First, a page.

The close interconnections between water, energy and agriculture do not make life easy for the forthcoming water master plan. To purify and distribute water relies on energy inputs. Agriculture, the cornerstone of national food security, is also heavily reliant on water and energy inputs. The silo approach to planning water is doomed to fail before it starts. South Africa’s fragmented institutional approach to land, water, agriculture, energy, environment etc is doomed to fail.

Climate response is not a matter of presence or absence of water, even though these may be manifestations. Unfortunately, Lindiwe Sisulu’s purse has very little to contribute to bringing about lasting solutions to South Africa’s multiple land governance challenges, of which water is just one. Many of the challenges cannot be solved by individual countries acting in isolation, but could even be exacerbated by countries going solo.

Largely due to intertwined hydrological linkages juxtaposed with arbitrary colonial boundaries, we are heavily reliant on transnational agreements at the regional level. The spatial development patterns (locational) of cities (Johannesburg, Pretoria, Harare, Bulawayo, Francistown, Gaborone and Windhoek) are characterised by disconnection from water resources, whereby cities rely on water being pumped uphill while sewage and waste gravitates downward into storage reservoirs. This is one paradox which exacerbates water-stress challenges for most of SADC, often resulting in more severe consequences for poorer countries.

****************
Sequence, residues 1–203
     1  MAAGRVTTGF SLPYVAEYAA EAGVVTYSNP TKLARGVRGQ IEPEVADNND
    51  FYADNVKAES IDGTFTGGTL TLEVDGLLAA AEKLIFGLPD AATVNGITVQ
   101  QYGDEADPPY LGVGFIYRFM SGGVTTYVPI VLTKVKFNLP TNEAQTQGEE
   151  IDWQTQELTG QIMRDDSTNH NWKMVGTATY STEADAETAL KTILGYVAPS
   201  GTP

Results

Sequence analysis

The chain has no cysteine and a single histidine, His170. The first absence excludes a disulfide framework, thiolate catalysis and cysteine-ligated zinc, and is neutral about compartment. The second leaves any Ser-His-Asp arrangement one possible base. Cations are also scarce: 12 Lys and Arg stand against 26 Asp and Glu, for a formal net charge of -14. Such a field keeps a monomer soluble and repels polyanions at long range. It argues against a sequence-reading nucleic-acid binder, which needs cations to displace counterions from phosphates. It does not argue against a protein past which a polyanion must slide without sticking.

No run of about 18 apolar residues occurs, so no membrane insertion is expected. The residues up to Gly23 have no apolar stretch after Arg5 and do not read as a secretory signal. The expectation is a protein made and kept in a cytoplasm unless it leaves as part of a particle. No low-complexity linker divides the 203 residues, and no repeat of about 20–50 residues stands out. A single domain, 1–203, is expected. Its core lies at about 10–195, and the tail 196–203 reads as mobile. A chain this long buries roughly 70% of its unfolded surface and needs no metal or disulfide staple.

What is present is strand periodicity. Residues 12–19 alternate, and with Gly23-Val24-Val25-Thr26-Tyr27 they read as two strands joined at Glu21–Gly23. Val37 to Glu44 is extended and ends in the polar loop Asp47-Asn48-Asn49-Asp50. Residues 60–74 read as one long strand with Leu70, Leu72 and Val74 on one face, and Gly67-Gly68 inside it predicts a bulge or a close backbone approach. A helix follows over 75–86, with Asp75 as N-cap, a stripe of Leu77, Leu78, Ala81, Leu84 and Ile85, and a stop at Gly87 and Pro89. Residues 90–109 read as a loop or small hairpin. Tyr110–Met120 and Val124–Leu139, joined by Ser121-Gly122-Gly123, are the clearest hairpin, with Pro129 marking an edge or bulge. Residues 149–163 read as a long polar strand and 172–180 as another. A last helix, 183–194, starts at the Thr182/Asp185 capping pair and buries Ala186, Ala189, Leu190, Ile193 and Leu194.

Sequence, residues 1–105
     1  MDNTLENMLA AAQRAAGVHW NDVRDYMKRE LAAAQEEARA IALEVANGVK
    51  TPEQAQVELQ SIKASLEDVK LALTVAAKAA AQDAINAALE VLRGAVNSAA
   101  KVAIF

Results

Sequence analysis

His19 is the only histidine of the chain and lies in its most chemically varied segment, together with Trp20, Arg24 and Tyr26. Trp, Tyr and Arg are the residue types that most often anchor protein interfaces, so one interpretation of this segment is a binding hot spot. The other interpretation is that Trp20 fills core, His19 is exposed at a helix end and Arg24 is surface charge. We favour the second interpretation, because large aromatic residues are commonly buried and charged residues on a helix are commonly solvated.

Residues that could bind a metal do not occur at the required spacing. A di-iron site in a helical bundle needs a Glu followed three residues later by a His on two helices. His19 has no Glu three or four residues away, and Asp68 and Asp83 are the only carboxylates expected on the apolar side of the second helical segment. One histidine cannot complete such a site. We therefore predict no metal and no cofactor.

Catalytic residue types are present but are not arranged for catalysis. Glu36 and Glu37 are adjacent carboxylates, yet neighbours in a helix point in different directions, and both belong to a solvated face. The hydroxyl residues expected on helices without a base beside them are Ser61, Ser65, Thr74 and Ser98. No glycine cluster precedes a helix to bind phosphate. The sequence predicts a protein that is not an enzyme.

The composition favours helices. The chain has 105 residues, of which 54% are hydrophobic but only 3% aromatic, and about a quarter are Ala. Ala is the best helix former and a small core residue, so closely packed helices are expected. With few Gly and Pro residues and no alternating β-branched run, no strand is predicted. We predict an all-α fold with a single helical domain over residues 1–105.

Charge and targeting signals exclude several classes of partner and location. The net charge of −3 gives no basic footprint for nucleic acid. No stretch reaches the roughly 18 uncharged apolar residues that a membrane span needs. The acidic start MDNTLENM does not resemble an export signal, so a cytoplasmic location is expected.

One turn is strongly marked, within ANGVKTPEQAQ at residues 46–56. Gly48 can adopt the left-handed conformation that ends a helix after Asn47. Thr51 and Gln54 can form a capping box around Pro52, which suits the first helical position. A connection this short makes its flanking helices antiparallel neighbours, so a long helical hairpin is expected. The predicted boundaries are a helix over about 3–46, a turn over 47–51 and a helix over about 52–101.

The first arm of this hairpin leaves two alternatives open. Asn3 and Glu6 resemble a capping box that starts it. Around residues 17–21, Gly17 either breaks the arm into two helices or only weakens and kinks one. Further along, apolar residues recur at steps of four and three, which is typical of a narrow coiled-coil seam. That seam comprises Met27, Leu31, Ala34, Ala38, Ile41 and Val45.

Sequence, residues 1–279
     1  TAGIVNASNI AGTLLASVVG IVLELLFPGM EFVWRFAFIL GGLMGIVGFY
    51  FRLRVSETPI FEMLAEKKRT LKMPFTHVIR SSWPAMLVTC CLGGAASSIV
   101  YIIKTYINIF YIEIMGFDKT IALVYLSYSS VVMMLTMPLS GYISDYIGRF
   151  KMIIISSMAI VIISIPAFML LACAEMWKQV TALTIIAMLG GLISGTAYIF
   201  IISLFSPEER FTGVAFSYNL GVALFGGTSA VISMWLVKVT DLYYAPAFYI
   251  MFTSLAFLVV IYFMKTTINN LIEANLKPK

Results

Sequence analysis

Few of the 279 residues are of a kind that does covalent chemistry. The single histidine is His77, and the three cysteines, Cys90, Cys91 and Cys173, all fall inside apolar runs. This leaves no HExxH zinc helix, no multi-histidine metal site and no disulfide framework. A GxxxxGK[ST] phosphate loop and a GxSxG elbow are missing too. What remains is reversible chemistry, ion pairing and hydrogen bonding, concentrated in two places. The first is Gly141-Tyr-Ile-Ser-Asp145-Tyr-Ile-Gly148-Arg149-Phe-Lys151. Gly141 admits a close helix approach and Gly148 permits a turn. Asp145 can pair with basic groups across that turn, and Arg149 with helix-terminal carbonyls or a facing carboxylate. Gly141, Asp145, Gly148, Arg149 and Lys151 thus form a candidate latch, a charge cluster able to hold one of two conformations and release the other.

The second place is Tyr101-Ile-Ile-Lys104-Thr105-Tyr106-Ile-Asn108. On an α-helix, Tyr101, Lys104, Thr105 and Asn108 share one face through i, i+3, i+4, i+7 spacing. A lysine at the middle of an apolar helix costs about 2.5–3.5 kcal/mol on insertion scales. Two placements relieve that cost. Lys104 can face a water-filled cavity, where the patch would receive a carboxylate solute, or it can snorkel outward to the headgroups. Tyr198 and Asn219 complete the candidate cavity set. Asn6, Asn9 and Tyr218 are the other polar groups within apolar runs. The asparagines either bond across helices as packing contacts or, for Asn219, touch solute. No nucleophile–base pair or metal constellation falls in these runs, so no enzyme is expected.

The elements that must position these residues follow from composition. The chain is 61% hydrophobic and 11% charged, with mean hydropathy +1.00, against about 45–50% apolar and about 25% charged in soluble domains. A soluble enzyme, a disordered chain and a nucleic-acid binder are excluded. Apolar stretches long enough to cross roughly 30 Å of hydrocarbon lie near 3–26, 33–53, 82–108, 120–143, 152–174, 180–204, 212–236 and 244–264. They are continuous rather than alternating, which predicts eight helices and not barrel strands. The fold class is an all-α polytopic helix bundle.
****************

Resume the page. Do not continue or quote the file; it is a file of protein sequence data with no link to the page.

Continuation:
What South Africa is currently going through should be understood as part of the new normal, rather than wish it away. Part of the solution to the complex problems involves complex solutions, transnational and transdisciplinary approaches which defy linearity. South Africa’s economic power is potentially dangerous in regional dynamics. The days when the hydrologist and geologist could be secluded from each other and from social scientists are gone. All of these proposals entail complex processes of calibration over time.

There is reason to be very concerned. DM

Siyabulela Manona is a PhD candidate in Geography at Rhodes University.